An active-duty London police officer on Monday admitted his responsibility in a nearly two decade-long campaign of abuse against women.
The 48-year-old man pleaded guilty to 49 offenses, including 20 counts of rape. The charges against him also included assault and false imprisonment.
It was the latest case to plague London’s Metropolitan Police (Met), which has suffered from a collapse in public confidence due to its handling of problematic cops.
Prosecutors said officer David Carrick used his position of power to control and intimidate his victims, telling them no one would believe their word against his, given his status as a member of the police.
“This man abused women in the most disgusting manner. It is sickening,” Metropolitan Police Commissioner Mark Rowley said in a statement.
The case drew a wave of condemnation across Britain. A spokesman for British Prime Minister Rishi Sunak said the case “appalling.”
“Police forces must root out these officers to restore the public’s trust, which has been shattered by high profile events such as this,” Sunak’s spokesman said.
Carrick’s abuse was ‘relentless,’ top prosecutor says
Carrick joined the Met in 2001 and has been charged for events that took place between 2003 and 2020.
He allegedly met some of his victims through online dating apps or on social occasions, using his position as a police officer to gain their trust, authorities said.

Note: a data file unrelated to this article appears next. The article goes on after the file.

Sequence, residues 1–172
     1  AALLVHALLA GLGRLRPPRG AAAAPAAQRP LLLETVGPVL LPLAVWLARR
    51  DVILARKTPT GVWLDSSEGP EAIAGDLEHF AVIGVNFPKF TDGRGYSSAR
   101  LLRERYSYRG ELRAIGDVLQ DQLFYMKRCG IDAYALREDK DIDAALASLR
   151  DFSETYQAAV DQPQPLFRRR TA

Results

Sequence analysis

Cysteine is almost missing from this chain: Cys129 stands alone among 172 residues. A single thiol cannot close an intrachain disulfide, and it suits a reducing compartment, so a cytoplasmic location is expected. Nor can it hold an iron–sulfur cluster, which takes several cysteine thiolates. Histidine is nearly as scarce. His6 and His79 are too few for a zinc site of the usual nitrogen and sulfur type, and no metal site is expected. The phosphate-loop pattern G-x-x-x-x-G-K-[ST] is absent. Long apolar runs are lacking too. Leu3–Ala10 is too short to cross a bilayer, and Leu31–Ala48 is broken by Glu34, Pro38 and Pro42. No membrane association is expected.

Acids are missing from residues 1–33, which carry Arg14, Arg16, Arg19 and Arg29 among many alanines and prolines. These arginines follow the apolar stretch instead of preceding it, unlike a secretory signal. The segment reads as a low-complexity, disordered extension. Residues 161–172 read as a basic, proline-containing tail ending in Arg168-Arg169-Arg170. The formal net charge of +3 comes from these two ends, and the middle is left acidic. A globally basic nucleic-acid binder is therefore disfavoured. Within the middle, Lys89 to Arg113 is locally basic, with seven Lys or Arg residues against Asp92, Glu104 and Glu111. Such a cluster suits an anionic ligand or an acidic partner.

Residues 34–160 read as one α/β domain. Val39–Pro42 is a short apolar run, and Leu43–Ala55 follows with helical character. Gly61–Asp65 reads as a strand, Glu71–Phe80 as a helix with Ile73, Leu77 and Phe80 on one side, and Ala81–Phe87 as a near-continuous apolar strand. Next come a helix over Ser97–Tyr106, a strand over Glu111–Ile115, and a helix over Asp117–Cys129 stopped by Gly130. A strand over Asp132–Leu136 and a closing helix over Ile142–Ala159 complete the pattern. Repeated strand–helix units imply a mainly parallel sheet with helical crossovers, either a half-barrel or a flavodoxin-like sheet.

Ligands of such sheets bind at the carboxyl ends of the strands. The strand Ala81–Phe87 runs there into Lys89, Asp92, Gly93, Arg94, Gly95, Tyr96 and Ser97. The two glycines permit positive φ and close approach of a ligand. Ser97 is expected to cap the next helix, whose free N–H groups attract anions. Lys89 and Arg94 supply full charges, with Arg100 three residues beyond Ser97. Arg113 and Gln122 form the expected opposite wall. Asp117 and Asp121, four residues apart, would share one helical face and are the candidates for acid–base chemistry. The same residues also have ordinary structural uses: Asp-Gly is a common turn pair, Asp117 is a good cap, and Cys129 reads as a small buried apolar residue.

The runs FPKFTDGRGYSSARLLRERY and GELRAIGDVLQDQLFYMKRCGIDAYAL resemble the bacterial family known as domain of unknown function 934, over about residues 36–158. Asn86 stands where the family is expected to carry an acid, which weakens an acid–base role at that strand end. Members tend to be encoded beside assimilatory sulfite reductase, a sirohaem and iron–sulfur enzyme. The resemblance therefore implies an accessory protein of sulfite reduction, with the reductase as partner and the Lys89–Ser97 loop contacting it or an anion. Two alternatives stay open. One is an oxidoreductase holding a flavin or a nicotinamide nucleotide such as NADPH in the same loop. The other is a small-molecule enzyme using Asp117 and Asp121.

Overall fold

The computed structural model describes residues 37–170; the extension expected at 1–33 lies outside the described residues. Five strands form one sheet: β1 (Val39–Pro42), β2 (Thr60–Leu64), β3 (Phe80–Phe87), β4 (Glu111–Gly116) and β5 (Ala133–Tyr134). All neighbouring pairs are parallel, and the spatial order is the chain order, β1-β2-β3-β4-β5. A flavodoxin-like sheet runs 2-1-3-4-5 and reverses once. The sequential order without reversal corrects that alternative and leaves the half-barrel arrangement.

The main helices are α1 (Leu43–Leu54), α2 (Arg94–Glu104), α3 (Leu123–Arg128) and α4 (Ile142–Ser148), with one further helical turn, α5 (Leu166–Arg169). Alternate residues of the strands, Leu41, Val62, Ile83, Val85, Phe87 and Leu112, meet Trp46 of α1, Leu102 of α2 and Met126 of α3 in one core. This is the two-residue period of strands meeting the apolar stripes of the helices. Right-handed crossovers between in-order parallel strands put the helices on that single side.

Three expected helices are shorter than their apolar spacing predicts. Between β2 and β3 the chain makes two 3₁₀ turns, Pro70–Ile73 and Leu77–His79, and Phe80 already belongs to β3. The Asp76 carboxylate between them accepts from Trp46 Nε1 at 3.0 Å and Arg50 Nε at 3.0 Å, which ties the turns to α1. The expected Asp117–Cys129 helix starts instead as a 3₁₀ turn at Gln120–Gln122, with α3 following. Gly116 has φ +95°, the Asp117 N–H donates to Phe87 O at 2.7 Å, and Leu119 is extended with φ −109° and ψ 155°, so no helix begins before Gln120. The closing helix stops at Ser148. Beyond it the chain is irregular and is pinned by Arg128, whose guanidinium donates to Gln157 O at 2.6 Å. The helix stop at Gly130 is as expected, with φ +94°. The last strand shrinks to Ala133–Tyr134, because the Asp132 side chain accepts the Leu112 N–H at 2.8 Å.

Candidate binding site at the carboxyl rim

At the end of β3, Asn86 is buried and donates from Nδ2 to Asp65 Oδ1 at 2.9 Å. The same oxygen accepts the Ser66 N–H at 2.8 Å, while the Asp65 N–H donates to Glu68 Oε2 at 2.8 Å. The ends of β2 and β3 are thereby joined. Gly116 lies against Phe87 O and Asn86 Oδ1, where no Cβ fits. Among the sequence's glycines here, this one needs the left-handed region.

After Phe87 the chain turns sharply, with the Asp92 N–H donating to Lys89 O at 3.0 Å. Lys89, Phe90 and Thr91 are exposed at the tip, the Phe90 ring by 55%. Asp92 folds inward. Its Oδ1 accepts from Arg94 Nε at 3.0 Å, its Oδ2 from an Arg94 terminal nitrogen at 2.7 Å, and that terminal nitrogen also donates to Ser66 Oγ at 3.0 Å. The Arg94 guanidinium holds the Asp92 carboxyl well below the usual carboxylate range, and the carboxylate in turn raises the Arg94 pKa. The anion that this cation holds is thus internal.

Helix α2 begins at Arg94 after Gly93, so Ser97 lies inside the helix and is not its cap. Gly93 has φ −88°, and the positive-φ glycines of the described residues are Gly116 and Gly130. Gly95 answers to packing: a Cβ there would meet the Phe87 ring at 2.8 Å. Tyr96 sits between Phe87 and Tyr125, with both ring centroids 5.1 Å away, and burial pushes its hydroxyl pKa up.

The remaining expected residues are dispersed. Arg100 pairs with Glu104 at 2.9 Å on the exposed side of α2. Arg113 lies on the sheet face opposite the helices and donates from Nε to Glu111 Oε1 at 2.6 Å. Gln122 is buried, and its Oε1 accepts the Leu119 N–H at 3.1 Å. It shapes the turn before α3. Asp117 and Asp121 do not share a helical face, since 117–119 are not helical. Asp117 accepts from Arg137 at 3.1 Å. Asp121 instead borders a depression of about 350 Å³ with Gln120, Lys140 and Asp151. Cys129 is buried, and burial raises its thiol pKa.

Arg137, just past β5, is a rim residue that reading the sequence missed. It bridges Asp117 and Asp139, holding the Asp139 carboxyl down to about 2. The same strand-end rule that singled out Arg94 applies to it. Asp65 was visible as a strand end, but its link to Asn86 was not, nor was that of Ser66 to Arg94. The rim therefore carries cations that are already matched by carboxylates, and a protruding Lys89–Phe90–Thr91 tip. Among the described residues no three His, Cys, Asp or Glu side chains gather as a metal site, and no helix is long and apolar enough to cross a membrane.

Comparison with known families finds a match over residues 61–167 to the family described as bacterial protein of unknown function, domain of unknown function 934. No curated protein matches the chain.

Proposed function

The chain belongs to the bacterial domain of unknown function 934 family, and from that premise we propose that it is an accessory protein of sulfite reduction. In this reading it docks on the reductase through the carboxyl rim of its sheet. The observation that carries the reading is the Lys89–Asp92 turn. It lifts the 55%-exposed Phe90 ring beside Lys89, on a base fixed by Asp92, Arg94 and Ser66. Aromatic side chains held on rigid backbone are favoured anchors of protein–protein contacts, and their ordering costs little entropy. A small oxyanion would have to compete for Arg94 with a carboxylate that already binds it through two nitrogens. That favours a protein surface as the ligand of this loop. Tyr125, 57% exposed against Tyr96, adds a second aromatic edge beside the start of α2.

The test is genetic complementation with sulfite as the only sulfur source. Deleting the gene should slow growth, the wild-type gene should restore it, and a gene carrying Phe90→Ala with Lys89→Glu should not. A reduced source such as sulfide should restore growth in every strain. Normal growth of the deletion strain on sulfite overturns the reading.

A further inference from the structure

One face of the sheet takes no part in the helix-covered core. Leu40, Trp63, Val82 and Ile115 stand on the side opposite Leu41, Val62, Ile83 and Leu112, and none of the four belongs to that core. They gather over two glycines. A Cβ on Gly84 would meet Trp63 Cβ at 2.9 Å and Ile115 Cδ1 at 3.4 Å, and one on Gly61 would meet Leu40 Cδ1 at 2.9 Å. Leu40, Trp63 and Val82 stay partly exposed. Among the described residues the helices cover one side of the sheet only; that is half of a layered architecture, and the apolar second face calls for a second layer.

Chief Crown Prosecutor Jaswant Narwal said he then “relentlessly degraded, belittled, sexually assaulted and raped women.”
Carrick isolated women socially and financially, and often held them against their will, going as far as controlling what they wore and when they slept, prosecutors said.
The case follows the high-profile death of Sarah Everard on March 2021 in south London. Everard was raped and killed by on-duty officer Wayne Couzens, after he stopped her on the street and falsely claimed she had broken coronavirus lockdown rules.
London police: ‘We have failed’
London Mayor Sadiq Khan, whose office oversees the police departments, said he was “sickened and appalled” by the case.
“Londoners will be rightly shocked that this man was able to work for the Met for so long and serious questions must be answered about how he was able to abuse his position as an officer in this horrendous manner,” he added.
Met Commissioner Rowley apologized to victims on Monday, saying Carrick went unpunished due to “systemic failures.”
“We have failed. And I’m sorry. He should not have been a police officer,” Rowley said.
An in-depth review of Carrick’s former service as a soldier and complaints record was carried out in October 2021, after he was first charged with rape, and it found he was already on police systems for a series of off-duty incidents before and after he joined the force.
None of those complaints of rape, domestic violence and harassment managed to deliver criminal sanctions or internal disciplinary proceedings.
The Met “should have been more intrusive and joined the dots on this repeated misogyny over a couple of decades” and “should have been more determined to root out such a misogynist,” Rowley admitted.
Met Assistant Commissioner Barbara Gray admitted that the pattern of abusive behavior should have been spotted earlier.
“Because we didn’t, we missed opportunities to remove him from the organization,” Gray said. “We are truly sorry that Carrick was able to continue to use his role as a police officer to prolong the suffering of his victims,” she added.
A report published last November found that a culture of misogyny and predatory behavior was “prevalent” in many police forces in England and Wales. The findings indicated that lax vetting standards for police officers played a role.
jcg/wd (AP, Reuters, AFP)